As it turns out, even vitamin-rich fruits like bananas have the potential to be more nourishing. Scientists are working to enhance already nutritious foods as part of major global health initiatives, spurring discussion about the role of genetically modified organisms, or GMOs, in our diets.

Engineered food has long been a source of controversy and misconception, but the prospects for these modified products have scientists and humanitarians excited for the innovations to come.

Among the newest advances in GMO technology are beta-carotene-infused Golden Rice and "super" bananas. People who are malnourished could greatly benefit from the addition of beta-carotene, which the body converts to vitamin A, to prevent childhood blindness and even death from vitamin deficiency. The bananas will soon be tested on human study subjects in the U.S.

Three food and nutrition experts sounded off on the risks and benefits of GMOs and the ethics of providing these foods to children in developing countries.

Are GMOs Safe?

GMOs might seem like a futuristic concept, but as many proponents stress, the practice of engineering food has been around for centuries. What we know as GMOs are built on human interaction with crops dating further back than even Gregor Mendel’s famous experiments with cross-breeding pea plants in the 1800s.

“Modern technology has refined what we’ve been doing for 10,000 years,” said Alan McHughen, Ph.D., a biotechnologist and geneticist in the department of botany and plant sciences at the University of California, Riverside. “Nothing we eat is the same as what Mother Nature made.”  

But clearly, the technology has become far more advanced, raising questions about the safety profile of these foods. Even the experts don’t agree on the benefits of certain kinds of food engineering, especially to add nutrients.

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Dr. Dipnarine Maharaj, Medical Director of the South Florida Bone Marrow/Stem Cell Transplant Institute, is especially concerned with how these extra nutrients will interact with the collection of helpful bacteria in the human gut called the gut microbiome. Maharaj worries about the immune system’s reaction to these nutrient-enhanced foods.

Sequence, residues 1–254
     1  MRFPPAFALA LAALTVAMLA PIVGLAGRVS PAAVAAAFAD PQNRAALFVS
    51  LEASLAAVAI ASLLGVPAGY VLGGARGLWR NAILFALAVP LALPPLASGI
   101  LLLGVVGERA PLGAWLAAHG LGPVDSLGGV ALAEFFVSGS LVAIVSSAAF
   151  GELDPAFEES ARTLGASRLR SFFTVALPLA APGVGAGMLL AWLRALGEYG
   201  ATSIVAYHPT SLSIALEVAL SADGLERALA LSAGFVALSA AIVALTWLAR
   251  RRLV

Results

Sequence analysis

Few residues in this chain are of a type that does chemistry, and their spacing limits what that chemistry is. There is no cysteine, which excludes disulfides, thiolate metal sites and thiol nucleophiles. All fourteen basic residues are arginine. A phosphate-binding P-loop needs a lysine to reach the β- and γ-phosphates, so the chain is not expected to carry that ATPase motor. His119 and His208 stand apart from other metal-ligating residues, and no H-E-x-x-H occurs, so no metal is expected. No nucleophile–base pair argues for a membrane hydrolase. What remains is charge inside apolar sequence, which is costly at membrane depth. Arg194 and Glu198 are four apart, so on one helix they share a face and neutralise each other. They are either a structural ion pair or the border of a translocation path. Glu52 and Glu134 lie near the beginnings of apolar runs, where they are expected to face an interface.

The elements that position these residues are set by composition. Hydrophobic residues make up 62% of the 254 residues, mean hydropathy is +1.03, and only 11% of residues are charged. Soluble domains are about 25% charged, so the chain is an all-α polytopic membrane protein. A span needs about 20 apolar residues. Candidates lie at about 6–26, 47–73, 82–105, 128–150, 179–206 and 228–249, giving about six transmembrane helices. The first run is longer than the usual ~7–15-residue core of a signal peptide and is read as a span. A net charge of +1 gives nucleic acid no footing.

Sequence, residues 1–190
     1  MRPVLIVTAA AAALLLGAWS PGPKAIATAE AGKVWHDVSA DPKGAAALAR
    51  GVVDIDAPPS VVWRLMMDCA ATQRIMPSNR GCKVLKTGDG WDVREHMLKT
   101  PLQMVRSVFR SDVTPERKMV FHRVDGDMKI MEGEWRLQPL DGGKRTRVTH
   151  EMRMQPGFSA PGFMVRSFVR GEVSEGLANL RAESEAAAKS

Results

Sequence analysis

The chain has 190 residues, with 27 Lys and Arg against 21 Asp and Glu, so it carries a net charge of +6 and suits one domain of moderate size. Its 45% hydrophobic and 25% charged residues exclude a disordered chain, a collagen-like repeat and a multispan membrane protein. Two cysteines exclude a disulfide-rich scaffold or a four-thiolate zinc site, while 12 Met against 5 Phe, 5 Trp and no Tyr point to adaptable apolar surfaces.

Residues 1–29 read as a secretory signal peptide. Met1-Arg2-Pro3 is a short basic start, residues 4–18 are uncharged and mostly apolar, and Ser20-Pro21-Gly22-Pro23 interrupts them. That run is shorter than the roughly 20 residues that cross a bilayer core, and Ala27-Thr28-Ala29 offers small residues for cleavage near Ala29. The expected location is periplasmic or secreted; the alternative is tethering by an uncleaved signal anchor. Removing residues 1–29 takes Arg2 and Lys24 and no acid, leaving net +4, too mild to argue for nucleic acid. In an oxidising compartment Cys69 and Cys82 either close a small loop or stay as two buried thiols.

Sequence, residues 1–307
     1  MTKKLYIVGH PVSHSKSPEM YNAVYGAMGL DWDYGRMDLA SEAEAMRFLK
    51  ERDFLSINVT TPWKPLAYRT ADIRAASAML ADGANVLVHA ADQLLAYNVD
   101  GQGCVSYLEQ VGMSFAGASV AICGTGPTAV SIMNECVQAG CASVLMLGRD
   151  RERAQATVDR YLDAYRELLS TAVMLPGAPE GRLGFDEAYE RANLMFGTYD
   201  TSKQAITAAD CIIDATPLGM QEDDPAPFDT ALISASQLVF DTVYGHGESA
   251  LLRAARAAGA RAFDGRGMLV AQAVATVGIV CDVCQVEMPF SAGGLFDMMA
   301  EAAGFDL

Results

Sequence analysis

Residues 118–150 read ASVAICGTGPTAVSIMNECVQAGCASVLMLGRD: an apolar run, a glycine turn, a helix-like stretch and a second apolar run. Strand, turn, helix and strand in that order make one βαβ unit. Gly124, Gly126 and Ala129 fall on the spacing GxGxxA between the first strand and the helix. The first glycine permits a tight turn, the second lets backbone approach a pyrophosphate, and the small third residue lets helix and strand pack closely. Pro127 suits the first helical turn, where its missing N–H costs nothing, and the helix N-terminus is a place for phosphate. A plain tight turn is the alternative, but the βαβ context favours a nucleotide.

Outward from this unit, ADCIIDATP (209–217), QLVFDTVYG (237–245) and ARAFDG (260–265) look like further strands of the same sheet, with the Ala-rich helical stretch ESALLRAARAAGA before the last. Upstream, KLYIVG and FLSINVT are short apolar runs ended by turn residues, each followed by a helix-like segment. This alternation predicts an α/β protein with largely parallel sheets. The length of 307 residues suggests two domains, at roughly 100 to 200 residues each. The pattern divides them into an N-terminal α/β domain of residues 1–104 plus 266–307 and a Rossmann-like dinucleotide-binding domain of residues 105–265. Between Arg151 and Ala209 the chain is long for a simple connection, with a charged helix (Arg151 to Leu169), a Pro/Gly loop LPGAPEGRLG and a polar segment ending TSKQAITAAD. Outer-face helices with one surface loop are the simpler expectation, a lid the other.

“We don’t know ... how modifying the food would affect the microbiome,” Maharaj said. He believes that these GMOs could be superfluous when “the microbiome actually produces the nutrients that are needed for healthy living.”

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Rebecca Solomon, a certified dietitian and nutritionist and Director of Clinical Nutrition at Beth Israel Medical Center in New York, advocates for untouched crops and conventional vitamin supplements.

“Good old-fashioned vitamin/mineral supplementation would be better and safer than genetic modification of crops, if the food sources of the nutrients themselves cannot be obtained,” which, she said, would be the best way to improve people's diets. 

The fact that these GMO experiments are geared toward people in impoverished countries with limited access to nutrient-rich food raises its own set of questions about the ethics of engineered food experiments.

“Because we can’t possibly know about the long-term consequences and health risks of GM crops, using ‘poor countries’ as human subjects to study the efficacy of GMOs helping to reduce malnutrition is clearly an ethical problem,” Solomon said. 

On the flip side, McHughen views not exploring the benefits of GMOs as the real moral failure, by giving up the opportunity to nourish people and to solve problems like vitamin A deficiency blindness. He also notes that the decision to eat GMOs is voluntary for participants in these studies. However, in one  of Golden Rice, three officials were fired for failing to disclose that subjects were consuming genetically modified rice, highlighting the need for transparency in GMO studies.

The Takeaway 

GMOs aren’t to be feared, but rather, to be continuously researched. There is still dissent among food and nutrition experts, but one point they agree on is the need for consumers to educate themselves about the effects of GMOs, especially as these products make their way into local supermarkets. 

“It disturbs me greatly that people are getting these misconceptions not only about GMOs, but food in general,” McHughen said. “If only our society knew more about how food was produced in the first place I think we would overcome those deficiencies.”